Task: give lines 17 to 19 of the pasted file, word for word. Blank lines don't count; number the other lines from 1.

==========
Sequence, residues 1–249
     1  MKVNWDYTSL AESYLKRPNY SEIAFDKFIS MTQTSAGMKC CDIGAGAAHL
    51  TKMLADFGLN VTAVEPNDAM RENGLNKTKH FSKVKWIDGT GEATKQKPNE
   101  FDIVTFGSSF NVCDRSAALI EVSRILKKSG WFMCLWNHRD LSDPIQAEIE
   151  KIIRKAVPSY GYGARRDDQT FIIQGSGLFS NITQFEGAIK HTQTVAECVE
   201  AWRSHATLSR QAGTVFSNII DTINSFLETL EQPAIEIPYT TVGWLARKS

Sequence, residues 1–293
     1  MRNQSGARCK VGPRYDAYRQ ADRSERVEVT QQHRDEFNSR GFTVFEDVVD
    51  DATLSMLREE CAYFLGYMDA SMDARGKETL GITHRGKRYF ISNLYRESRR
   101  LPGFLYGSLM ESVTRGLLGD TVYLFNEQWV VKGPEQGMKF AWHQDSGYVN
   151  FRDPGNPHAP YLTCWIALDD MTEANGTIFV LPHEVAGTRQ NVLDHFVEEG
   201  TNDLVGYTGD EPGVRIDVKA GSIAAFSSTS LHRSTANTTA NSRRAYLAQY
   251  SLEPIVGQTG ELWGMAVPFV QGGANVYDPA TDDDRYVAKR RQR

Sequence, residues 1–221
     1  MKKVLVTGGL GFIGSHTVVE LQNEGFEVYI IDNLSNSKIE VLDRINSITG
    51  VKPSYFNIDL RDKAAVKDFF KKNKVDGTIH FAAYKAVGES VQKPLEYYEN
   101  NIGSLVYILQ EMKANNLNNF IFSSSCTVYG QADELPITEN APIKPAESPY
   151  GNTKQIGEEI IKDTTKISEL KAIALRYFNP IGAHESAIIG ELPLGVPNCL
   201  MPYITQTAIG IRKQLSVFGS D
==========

   101  NIGSLVYILQ EMKANNLNNF IFSSSCTVYG QADELPITEN APIKPAESPY
   151  GNTKQIGEEI IKDTTKISEL KAIALRYFNP IGAHESAIIG ELPLGVPNCL
   201  MPYITQTAIG IRKQLSVFGS D